Others towns in Poitou-Charentes, such as Saintes and Poitiers, also had sizeable Protestant populations. After the infamous St Bartholomew Day’s Massacre in 1572 – in which thousands of them were slaughtered across the country – many French Protestants fled to La Rochelle, which was already largely Protestant, had strong defences and had access to the relative safety of the sea.

Catholic troops besieged the town, although the siege ended with a negotiated settlement in the summer of 1573. Freedom of worship was then granted to French Protestants in just three towns – Nîmes, Montauban and La Rochelle itself. The more wide-ranging Edict of Nantes in 1598 appeared to bring the religious conflicts to an end. In truth, it was little more than a cease-fire.

In the 17th century conflict again broke out between the majority Catholics and minority Protestants and in 1627 La Rochelle once again came under siege as Louis XIII’s top adviser and official Cardinal Richelieu personally led a military campaign against the Huguenots. Despite support from the English – who landed a force on nearby Île-de-Ré – the French Protestants eventually succumbed after 14 weary months.

Limited rights still gave Protestants some protection until 1685 when Louis XIV formally revoked the Edict of Nantes, effectively outlawing Protestantism in France. Many Protestants, including from La Rochelle, chose to flee the country, with some choosing England as their new home."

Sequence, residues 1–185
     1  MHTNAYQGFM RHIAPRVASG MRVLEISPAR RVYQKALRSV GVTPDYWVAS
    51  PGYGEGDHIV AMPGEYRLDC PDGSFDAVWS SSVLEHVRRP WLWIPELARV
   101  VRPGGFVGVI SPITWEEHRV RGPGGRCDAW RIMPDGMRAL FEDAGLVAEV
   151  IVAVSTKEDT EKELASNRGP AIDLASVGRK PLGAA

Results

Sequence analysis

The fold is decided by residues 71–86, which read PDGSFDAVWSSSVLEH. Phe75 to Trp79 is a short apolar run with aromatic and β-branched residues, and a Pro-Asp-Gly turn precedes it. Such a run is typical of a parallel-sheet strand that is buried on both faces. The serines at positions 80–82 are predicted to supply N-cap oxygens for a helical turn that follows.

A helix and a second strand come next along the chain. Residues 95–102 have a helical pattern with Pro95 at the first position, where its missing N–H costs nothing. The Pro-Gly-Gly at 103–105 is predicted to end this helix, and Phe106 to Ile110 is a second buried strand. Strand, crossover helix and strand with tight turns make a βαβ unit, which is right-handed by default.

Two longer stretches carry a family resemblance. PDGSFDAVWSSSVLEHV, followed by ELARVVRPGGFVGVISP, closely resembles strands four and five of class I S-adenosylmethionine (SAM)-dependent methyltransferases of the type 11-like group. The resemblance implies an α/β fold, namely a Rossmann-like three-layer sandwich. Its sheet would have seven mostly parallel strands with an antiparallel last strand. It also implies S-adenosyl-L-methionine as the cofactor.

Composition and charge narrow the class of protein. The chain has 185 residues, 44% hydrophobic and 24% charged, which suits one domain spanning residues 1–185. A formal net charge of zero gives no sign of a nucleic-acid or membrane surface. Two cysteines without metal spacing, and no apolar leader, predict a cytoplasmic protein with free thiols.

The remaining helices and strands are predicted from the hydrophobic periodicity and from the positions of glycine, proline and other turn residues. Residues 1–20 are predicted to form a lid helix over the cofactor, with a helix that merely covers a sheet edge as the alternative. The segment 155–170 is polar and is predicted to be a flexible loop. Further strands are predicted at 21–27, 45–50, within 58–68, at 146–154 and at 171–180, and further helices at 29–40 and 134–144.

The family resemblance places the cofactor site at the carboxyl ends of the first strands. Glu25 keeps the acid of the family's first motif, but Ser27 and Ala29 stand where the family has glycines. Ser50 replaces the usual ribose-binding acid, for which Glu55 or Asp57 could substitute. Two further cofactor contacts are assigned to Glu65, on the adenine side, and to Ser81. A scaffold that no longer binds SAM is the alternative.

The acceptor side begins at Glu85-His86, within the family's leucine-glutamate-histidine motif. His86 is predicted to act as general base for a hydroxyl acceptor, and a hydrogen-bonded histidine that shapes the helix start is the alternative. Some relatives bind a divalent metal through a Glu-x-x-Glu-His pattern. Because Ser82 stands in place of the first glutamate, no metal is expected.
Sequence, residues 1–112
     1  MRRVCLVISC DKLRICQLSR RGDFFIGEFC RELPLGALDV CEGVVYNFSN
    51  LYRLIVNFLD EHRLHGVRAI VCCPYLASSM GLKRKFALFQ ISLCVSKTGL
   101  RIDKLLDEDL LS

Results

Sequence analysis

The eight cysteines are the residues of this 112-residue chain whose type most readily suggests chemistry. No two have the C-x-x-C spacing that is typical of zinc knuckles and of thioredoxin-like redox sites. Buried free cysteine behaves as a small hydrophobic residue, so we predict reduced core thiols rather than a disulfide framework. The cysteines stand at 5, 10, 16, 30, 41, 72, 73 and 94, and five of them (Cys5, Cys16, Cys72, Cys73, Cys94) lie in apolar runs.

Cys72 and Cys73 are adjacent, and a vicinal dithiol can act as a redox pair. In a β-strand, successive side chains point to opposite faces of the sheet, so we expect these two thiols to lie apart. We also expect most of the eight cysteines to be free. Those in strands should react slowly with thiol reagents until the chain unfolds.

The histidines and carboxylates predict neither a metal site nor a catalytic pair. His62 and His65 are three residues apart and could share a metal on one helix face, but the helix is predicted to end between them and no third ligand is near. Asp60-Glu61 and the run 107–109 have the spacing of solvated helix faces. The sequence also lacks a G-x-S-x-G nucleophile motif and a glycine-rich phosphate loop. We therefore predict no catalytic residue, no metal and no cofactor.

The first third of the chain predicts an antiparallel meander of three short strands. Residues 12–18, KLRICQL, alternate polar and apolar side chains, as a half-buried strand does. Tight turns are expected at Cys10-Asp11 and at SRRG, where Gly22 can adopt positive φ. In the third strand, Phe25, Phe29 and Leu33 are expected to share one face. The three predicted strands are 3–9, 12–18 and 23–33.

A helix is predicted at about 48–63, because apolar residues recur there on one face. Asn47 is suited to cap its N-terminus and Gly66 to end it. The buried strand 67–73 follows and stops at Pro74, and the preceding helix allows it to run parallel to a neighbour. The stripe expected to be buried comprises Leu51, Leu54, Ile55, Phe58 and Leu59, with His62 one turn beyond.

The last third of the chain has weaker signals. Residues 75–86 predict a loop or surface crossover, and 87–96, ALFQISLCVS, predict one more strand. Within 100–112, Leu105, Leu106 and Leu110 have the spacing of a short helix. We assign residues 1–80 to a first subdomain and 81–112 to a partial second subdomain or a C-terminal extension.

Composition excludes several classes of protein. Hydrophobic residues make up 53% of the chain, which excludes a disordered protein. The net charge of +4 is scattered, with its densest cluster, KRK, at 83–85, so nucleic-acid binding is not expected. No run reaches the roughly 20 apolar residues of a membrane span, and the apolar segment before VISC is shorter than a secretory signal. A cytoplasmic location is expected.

Source Discover Poitou-Charentes

The Huguenots were well received in England and they brought many skills in finance, industry and arts with them, contributing to the rise of British industry and trade.

More information on the Edict of Nantes here

Revocation Triptych

The Proclamation of the Edict of Nantes 23rd February 1598 by Henry IV of France, from a miniature contained in a triptych of the Huguenot Ancestry of TRH Prince William and Prince Henry of Wales, researched by Royston Gambier, F.S.G., engrossed and illuminated by Revd D.N.Chesters O.B.E., Writer to Her Majesty's Remembrancer, and photographed by Trevor J. Moore.

The revocation Document

Persecution of the Huguenots

Brief History: